Without a way to replace all the resources we consume – harvested food, fertilizers, energy, metals, etc. – we are gradually depleting nature’s bounty, at a rate that is unsustainable, long-term. If we keep going, and economies keep growing, we’re eventually going to run out. The problem is made worse by the global population increasing, along with the continuing wants of people in the developed world (“the West”) and in less-developed countries (who are demanding houses, cars, fridges, cell phones, etc.), putting more pressure on our finite resources.
The evidence of this “Earth overshoot” is in the report:
[G]lobal water use is increasing and 30 per cent of global river basin area – excluding hyper-arid zones and Antarctica – have been under severe and mid water stress since 2010. Between 2000 and 2010, total global cropland area increased by 1.34 per cent from 15.2 million to 15.4 million km2.
For more on this, read We are the lemmings
Growing economies, population
What drives natural resource extraction? It’s actually very simple: population and GDP. The age of the large extended family may be over in North America and Europe, but in Asia and Africa, people keep having babies. Lots of them.
Since 1950, the world’s population has gone from 2.5 billion people to 7.6 billion. No less than 75 million people a year are added to this number.
According to the United Nations, the world’s population is expected to reach 9.7 billion by the year 2050. A 2017 study in the journal Bioscience suggested that to feed that number of people, global food production will need to increase from 25% to 70%.
An economy that isn’t growing is in trouble. Like any business, to stop growing is to die. Luckily, just about every country’s economy has grown. Since the 1970s, global gross domestic product (GDP) has quadrupled.
Put that together with a population explosion, notwithstanding contraception, and you have large amounts of resources required to fuel economic development, and billions worth of bricks and mortar infrastructure – schools, hospitals, recreation centres, power plants, etc.
Not only that, these new citizens want what we want. Consider this: Another 2.1 billion people will be added to the world between now and 2050. Most will not be Americans but they are going to want a lot of things that we in the Western developed world take for granted – electricity, plumbing, appliances, AC etc.
And mining is trying to give it to them. According to the report, resource extraction reached 92 billion tons in 2017, compared with 27 billion tons in 1970. That’s an average annual growth rate of 2.6%, something any country would kill for, if that number was in the growth of GDP. Put another way, each person demanded 7.4 tons of materials in 1970. Fifty years later, they each want 12.2 tons. That’s a lot more copper, iron ore, steel, aluminum, etc.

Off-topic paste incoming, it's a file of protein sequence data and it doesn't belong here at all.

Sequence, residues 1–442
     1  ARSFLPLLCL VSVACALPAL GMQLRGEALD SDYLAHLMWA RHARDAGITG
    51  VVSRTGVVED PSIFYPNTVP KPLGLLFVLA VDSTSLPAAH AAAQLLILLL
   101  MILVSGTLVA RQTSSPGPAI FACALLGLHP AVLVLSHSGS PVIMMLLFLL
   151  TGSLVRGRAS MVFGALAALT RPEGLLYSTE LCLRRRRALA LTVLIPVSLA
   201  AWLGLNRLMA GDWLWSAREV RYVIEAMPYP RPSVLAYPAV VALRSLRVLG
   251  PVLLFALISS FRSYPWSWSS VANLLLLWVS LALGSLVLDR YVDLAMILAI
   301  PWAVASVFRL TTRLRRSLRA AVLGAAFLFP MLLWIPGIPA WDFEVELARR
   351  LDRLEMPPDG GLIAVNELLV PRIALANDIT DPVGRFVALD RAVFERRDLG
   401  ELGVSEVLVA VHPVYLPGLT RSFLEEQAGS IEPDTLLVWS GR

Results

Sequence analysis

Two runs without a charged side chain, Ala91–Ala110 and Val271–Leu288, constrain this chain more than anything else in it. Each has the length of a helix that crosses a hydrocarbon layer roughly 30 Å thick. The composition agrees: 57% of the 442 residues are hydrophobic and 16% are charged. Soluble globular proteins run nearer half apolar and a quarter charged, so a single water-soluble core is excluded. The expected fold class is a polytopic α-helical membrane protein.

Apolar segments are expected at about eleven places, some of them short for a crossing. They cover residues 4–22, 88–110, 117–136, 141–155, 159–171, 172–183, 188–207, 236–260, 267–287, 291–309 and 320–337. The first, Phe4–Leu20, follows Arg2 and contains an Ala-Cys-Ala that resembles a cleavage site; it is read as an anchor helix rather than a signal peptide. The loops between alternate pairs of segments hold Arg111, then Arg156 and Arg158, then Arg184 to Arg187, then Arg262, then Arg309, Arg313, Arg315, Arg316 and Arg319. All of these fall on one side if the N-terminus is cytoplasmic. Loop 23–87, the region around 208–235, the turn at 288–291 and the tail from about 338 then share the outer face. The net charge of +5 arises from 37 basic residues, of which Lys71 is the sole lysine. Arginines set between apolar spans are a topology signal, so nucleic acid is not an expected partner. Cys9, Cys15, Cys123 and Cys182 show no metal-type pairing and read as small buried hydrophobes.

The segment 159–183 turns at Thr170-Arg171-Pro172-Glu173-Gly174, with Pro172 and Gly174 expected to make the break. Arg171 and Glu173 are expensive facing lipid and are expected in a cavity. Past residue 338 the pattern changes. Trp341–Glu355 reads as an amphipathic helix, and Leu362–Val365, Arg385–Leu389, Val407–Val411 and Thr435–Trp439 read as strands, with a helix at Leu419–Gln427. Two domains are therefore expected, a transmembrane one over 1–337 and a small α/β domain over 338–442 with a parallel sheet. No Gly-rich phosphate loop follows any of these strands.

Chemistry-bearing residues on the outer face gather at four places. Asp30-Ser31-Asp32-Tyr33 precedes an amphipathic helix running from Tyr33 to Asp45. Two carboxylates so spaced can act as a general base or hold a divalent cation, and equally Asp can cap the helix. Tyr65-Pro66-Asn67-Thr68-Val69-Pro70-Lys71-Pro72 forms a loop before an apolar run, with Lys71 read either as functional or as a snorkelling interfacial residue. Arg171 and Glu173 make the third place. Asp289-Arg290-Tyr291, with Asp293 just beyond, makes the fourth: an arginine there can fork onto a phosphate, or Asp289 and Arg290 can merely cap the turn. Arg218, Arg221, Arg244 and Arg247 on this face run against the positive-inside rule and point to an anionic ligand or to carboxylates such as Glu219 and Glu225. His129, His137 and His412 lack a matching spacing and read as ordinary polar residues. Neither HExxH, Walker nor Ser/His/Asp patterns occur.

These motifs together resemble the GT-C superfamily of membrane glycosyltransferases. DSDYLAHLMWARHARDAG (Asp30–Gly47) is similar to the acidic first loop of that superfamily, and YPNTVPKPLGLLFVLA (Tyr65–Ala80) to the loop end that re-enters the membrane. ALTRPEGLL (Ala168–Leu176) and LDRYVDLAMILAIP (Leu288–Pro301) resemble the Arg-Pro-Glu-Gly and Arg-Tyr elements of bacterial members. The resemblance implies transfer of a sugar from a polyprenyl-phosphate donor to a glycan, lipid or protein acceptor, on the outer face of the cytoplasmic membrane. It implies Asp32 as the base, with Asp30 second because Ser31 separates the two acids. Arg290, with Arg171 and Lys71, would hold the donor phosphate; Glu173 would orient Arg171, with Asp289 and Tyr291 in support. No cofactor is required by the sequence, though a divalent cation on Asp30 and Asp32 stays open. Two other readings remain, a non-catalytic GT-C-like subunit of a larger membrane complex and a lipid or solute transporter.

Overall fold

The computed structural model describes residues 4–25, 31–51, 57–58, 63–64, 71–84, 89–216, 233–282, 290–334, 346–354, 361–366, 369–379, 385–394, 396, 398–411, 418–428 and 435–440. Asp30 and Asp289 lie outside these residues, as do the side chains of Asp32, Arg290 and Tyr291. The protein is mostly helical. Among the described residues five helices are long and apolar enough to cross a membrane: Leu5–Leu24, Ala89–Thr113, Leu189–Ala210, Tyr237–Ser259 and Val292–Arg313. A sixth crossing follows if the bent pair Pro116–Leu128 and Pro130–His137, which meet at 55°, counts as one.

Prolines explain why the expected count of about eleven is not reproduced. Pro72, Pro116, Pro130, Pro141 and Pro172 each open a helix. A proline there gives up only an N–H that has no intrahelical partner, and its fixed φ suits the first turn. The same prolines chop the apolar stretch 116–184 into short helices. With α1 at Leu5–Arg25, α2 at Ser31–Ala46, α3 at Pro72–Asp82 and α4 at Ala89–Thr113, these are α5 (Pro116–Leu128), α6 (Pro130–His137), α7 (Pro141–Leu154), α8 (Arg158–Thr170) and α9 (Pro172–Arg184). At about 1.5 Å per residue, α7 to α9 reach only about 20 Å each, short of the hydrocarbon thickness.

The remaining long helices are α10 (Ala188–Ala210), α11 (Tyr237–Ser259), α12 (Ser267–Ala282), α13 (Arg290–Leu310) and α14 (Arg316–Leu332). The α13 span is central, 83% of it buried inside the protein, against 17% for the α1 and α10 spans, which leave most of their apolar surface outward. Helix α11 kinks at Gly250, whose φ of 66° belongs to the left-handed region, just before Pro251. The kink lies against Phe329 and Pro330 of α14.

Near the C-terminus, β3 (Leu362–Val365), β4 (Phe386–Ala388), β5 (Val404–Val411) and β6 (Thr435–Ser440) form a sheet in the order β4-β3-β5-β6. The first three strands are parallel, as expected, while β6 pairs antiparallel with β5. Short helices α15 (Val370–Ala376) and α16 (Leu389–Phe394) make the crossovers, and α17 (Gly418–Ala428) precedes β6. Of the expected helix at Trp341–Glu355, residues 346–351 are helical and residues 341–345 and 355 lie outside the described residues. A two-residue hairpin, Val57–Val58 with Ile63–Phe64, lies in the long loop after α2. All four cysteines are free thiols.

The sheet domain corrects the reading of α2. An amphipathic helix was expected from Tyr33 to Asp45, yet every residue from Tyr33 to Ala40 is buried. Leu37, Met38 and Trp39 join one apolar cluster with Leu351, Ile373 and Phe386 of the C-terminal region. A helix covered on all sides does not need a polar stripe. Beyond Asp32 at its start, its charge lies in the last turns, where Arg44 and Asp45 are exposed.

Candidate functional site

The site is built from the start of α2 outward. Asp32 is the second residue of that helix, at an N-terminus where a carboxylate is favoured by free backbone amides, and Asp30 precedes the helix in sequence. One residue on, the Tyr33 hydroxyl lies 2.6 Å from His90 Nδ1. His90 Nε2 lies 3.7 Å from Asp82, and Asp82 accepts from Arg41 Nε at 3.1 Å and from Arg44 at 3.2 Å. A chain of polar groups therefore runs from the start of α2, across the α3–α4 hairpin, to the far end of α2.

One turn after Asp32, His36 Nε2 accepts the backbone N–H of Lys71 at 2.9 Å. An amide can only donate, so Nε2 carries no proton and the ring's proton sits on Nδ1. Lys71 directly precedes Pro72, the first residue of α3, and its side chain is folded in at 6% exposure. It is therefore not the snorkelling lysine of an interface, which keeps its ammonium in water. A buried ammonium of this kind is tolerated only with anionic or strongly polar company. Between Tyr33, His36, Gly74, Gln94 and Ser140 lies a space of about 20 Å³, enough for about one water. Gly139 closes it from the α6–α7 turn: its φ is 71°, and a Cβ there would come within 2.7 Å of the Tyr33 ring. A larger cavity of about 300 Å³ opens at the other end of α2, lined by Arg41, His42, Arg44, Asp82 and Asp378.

Can people afford to buy so much more consumer goods that start off as raw materials? The answer is yes. According to the report, per capita GDP has doubled over the last 50 years, from US$5,198 to $10,606. On a macro scale, this works out to 3% annual growth, from US$18.9 trillion in 1970 to US$80.73 trillion in 2017.
Economic growth has expanded faster than global population.
The report finds as people get richer, growing affluence becomes a more important driver of material extraction than basic population increase. In other words, wants trump needs.
Logically then, material consumption should slow when economies slow down, right? Wrong. The report notes that even though global GDP and population growth has slowed since 2000, material extraction has accelerated – at 3.2% a year from 2000 to 2017. Their economy might be sucking wind, but people still want their stuff.
Status quo scenario
Here’s where it gets interesting. Most readers who follow mining are aware of these close correlations between resource extraction and population/ GDP growth. It’s required listening at resource investment shows. But what about the future? Is our current pattern of resource extraction sustainable? Will we eventually run out of materials? The UN report constructed a “status quo” and a “sustainable” scenario, the first being business as usual and the second where a number of measures are taken to mitigate the effects of extraction on the environment – thereby making mining, oil and gas, farming, more sustainable.
The results show that in both cases, we’re screwed, to put it plainly. Assuming that population grows annually at 0.7% (reaching 10.2 billion by 2060) and GDP growth is 2.2% a year, global material use would more than double – to 190 billion tons by 2060. Recall that 92 billion tons of resources were extracted in 2017. This is presuming “all things are equal” ie. no change to current patterns of production, consumption, government policies and infrastructure.